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PURGATORY CHASM by Steve Ulfelder: Book Review

Once a Barnburner, always a Barnburner.  That’s how Conway Sax got hooked into the murder business.

In Purgatory Chasm Sax is a recovering alcoholic, and the Barnburners were his group within Alcoholics Anonymous. They formed a tight-knit group within the larger one, and if one Barnburner was in trouble, the others helped.  But some were able to be of more help than others.

When Tander Phigg needs help getting his Mercedes back from the auto mechanic who is supposedly repairing it, he calls on Sax.  Phigg tells Sax that he brought his car to Das Motorenwerk more than a year earlier, gave the mechanic $3500 as a down payment for repairs, but now he can’t get either his car or his money back.

Since Sax had been a NASCAR driver and had worked on Phigg’s car years before, he’s persuaded to try to get either the car or the money returned.  But his visit to Motorenwerk isn’t exactly what he expected–first the owner laughs at his request, then he’s hit so hard on the head that when he wakes up he’s several hundred feet from the garage, on the ground, with no memory of how he got there.

Sax’s life hasn’t been easy. His father, also an alcoholic, left the family in Minnesota when Sax was eleven, but the boy persuaded his mother to let him go to New York to live with his father several years later.  In retrospect, Sax thinks, it probably wasn’t the smartest move he ever made, literally or figuratively.

Time has passed since then, time during which Sax threw away his racing career, as his father had done before him, with alcohol and ended up in a Massachusetts prison for manslaughter.  He’s still on parole, with eleven months left to serve.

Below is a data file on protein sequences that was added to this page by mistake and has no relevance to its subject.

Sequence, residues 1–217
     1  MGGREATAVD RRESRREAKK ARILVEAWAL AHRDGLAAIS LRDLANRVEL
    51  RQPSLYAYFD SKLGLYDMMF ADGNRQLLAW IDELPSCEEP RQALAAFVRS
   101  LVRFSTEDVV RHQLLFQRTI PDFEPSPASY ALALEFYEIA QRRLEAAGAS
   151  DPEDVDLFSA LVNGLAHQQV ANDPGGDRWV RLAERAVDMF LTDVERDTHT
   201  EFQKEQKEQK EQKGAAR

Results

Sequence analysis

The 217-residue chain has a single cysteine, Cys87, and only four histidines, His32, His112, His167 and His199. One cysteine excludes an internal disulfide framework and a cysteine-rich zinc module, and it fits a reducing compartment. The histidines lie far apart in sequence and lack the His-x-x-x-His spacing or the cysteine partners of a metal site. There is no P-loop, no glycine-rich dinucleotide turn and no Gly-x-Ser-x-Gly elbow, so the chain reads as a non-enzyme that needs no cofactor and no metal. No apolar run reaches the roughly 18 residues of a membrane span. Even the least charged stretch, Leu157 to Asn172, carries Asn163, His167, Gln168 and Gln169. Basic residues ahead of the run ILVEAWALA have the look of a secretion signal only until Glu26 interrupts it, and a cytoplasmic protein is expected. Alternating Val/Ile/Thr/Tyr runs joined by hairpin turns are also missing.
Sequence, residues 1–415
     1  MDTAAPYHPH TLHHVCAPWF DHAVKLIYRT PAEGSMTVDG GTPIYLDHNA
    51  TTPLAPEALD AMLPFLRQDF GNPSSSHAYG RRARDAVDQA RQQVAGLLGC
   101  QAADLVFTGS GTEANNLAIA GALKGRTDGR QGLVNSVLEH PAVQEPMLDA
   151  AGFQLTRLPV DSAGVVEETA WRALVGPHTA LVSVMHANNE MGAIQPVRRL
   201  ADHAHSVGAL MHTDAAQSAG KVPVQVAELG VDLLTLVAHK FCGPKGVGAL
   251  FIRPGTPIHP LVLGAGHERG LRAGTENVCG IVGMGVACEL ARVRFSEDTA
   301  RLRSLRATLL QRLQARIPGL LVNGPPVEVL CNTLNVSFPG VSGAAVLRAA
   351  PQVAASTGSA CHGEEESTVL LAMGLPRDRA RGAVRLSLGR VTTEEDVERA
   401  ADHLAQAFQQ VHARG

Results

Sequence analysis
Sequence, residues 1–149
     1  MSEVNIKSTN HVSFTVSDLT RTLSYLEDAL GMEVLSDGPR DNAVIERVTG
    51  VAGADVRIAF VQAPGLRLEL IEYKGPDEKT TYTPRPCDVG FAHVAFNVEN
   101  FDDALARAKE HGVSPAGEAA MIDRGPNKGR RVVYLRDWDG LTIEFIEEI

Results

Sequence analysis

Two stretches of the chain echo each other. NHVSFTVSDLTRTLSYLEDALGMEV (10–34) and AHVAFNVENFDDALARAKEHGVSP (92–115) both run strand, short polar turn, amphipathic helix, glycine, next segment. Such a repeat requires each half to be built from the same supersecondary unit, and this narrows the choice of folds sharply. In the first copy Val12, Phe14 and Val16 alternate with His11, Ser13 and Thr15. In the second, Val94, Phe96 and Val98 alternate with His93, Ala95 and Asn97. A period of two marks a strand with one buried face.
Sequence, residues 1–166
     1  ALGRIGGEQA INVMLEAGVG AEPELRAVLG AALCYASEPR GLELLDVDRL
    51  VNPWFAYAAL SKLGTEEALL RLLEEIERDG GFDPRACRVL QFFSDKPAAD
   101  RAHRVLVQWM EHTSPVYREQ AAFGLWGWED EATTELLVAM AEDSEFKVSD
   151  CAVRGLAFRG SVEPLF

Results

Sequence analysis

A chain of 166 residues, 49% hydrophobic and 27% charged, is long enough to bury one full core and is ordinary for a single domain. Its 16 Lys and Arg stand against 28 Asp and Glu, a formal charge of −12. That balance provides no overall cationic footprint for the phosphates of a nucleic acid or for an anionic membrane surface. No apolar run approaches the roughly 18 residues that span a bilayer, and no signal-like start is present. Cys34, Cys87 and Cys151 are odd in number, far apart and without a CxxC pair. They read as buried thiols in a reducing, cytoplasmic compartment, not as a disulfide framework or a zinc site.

On the plus side, Sax is rehabbing a house to sell it, has a sharp girlfriend with a funny eleven-year-old daughter, and is still sober.  On the minus side, he hasn’t seen his father in years, not since he spotted him panhandling at a tollboth and left him standing there.

Sax can’t seem to stay out of trouble, so it’s not much of a surprise that he goes back to Phigg to tell him what happened at Motorenwerk and to get more of the story out of him.  But the surprise is that Phigg is hanging by the neck in a shack behind his semi-built house, hanging as in dead.

Sax’s motives are all over the place. He wants to get the car/money back, even after Phigg’s death, because he said he would.  When Phigg’s son, Trey, returns from Vietnam with a wife and child, he wants to get the money to give to Trey.  And when Sax’s father turns up after years of no contact, he wants to help keep the old man sober.

Steve Ulfelder, himself an amateur race car driver and co-owner of a company that builds race cars, is a natural storyteller. He’s written for trade journals and newspapers, but Purgatory Chasm is his first novel.  It’s a look into the tough men (and women) who drive around tracks at breakneck speeds, looking for their moment of glory.  This is a tough read about people who lead tough lives but whose humanity and caring will touch you as they try, with some successes and some failures, to straighten out their lives.

You can read more about Steve Ulfelder at his web site.

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